The United States Capitol building
The United States Capitol building in Washington in this March 19, 2010 file photo. REUTERS

Is the most dangerous country in the world the United States of America? According to a new poll from WIN and Gallup International, the U.S. represents the largest threat to world peace today.

In their annual End of Year poll, researchers for WIN and Gallup International surveyed more than 66,000 people across 65 nations and found that 24 percent of all respondents answered that the United States “is the greatest threat to peace in the world today.” Pakistan and China fell significantly behind the United States on the poll, with 8 and 6 percent, respectively. Afghanistan, Iran, Israel and North Korea all tied for fourth place with 4 percent.

Much of the animosity toward America comes from Muslim Middle Eastern and North African nations, all located in a region most likely to be affected by American military actions over the past decade. Forty-four percent of Pakistani respondents, for instance, voted America as the most dangerous nation, despite Pakistan’s acceptance of U.S. foreign aid. The Chinese and Russians rated the United States as dangerous even more than Pakistanis did, at 54 and 49 percent, respectively.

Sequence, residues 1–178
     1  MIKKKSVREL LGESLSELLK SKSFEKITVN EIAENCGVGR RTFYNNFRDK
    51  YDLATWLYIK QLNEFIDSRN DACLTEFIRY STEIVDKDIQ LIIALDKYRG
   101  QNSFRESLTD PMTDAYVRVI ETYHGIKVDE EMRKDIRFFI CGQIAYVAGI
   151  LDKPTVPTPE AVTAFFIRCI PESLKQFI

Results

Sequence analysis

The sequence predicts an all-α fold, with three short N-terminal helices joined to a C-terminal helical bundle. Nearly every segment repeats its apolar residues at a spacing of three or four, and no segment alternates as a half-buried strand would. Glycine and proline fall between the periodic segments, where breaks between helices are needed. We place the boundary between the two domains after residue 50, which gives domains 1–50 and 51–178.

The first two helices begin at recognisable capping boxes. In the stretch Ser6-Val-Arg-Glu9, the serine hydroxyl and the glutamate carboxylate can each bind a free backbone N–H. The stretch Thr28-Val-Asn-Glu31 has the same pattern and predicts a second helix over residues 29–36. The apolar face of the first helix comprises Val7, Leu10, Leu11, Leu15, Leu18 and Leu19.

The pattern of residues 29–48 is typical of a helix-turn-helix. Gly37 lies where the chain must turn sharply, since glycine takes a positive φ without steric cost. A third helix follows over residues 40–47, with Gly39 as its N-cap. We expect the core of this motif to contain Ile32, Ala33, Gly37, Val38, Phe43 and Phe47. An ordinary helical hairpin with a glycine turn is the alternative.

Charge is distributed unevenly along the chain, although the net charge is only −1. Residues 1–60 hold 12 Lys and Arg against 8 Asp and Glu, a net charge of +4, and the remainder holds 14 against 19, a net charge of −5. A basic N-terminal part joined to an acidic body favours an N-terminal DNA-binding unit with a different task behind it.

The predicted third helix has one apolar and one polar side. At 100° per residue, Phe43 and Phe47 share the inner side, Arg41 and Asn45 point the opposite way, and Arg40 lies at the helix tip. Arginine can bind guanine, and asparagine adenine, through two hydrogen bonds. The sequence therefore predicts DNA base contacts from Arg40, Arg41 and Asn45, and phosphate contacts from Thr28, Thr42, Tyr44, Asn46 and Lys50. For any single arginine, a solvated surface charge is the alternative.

However, a plurality of people polled in several officially American-allied nations also rated the United States as dangerous. Thirty-seven percent of Mexicans and 17 percent of Canadians view their neighboring country with suspicion on the world stage. A surprising 13 percent of American respondents rated their own nation the biggest threat to world peace as well.

While poll respondents seem anxious about the United States’ role in world affairs, many of them would have no problems moving to America if they could. The United States topped WIN/Gallup’s list of top countries people would move to with 9 percent of the vote. Canada and Australia came in second with 7 percent apiece, while 38 percent said they were happy exactly where they are.

Overall, responders seemed remarkably optimistic about their own futures, despite any misgivings about the United States. Nearly 50 percent of responders say that 2014 will be better than 2013, the first time since 1990 that people thought a better year was on the way.

“Despite an unstable economic situation, our happiness index is extremely high all over the world except in Europe,” Jean-Marc Leger, President of WIN/Gallup International Association, said in a statement. “Moreover people think that 2014 will be better than 2013. Optimism is back in the world.”